Our response to this DfE consultation welcomes the prospect of increased flexibility in qualification delivery, and advocates for geographical knowledge and understanding.
The Department for Education sought views on whether proposed subject content will develop the digital skills needed for work and everyday life. Our response focused on the further development of spatial literacy and the use of digital map apps and websites.
Our written evidence to the Joint Committee on Human Rights calls for scrutiny of how geospatial data is collected and shared, and how this impacts privacy.
We argue for a broader understanding and subsequent assessment of knowledge exchange and collaboration. We also call for more attention to relative opportunities when determining clustering.
In our reponse to the DCMS consultation, we identify examples and opportunities for geospatial data use, advocate for geospatial training, and raise issues around personal privacy.
We reaffirm our commitment to a transition towards a sustainable open science/research ecosystem and offer reflections on the various open access models and business plans discussed in the consultation document.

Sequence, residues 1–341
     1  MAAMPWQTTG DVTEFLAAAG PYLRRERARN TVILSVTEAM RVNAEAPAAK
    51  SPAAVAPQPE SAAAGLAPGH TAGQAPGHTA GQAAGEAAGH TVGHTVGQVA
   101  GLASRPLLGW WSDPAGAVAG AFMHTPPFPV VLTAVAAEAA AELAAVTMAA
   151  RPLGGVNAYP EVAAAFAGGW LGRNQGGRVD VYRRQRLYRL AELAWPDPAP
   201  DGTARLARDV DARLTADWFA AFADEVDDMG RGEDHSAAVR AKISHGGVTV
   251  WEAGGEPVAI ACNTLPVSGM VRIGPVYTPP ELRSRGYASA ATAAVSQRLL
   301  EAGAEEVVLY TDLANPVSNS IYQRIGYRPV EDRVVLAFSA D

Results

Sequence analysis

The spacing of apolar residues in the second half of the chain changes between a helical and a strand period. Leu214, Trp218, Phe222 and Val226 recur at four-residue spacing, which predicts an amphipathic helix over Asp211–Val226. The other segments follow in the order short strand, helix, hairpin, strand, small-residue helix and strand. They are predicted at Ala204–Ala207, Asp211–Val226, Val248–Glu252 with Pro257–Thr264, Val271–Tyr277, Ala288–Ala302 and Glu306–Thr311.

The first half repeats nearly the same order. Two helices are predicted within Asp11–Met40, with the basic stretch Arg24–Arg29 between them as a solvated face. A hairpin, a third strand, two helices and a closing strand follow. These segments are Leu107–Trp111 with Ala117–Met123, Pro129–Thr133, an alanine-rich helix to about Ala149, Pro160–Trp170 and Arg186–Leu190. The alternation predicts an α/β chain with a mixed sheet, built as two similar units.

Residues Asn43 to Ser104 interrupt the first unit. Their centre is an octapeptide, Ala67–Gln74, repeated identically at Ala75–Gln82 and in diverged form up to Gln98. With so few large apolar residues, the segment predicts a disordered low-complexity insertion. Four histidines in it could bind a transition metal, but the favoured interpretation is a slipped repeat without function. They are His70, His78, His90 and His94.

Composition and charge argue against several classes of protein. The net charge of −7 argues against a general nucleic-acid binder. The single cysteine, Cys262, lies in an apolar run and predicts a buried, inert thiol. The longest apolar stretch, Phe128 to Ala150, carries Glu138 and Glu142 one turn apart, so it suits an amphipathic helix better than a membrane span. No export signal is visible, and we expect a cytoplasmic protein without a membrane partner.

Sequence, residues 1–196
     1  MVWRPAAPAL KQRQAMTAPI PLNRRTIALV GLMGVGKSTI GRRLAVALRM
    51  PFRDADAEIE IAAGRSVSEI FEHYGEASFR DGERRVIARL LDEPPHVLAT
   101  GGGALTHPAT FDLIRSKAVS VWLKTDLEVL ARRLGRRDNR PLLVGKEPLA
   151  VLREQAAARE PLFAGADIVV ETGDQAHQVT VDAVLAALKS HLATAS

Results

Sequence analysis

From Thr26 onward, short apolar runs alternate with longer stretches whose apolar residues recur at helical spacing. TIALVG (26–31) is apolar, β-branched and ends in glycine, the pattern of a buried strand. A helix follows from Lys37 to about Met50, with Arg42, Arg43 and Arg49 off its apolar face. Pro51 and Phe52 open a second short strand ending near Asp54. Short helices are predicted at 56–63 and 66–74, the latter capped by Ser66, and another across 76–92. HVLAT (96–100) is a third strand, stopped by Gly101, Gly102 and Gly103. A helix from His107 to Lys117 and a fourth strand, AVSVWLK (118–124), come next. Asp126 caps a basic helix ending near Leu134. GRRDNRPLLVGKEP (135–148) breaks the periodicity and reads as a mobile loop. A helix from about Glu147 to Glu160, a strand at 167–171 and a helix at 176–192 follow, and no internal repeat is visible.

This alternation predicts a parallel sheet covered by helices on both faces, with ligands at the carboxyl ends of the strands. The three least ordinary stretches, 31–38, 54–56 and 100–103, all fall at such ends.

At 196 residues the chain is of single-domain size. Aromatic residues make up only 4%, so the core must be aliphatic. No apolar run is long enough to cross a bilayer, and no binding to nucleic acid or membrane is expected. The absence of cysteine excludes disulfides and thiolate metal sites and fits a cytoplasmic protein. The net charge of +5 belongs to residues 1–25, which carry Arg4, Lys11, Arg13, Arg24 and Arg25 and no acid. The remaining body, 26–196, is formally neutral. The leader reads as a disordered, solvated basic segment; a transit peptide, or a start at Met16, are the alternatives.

We strongly support the introduction of a ‘quality of education’ judgement and the publication of Ofsted subject reviews. We also comment on the wording of Intent, Implementation and Impact statements.
We support the aims of TEF but express concern that its metrics (including student satisfaction and employment outcomes) do not capture teaching excellence and do not explore nuances in localised provision.
In our response to the QAA consultation, we do not support the idea of an external advisor on academic standards, and note that proposed classification descriptors should be related to Subject Benchmark Statements.
We welcome proposals that facilitate fair, inclusive and transparent knowledge production, but urge more consideration of uneven impact on disciplines and advocate for hybrid journals, green open access and embargoes.
We recommend the inclusion of subject bodies as key information providers and highlight the Society's provision of subject choice advice.
Our response notes that draft standards do not sufficiently recognise important geographical digital skills and privacy issues around geospatial data.
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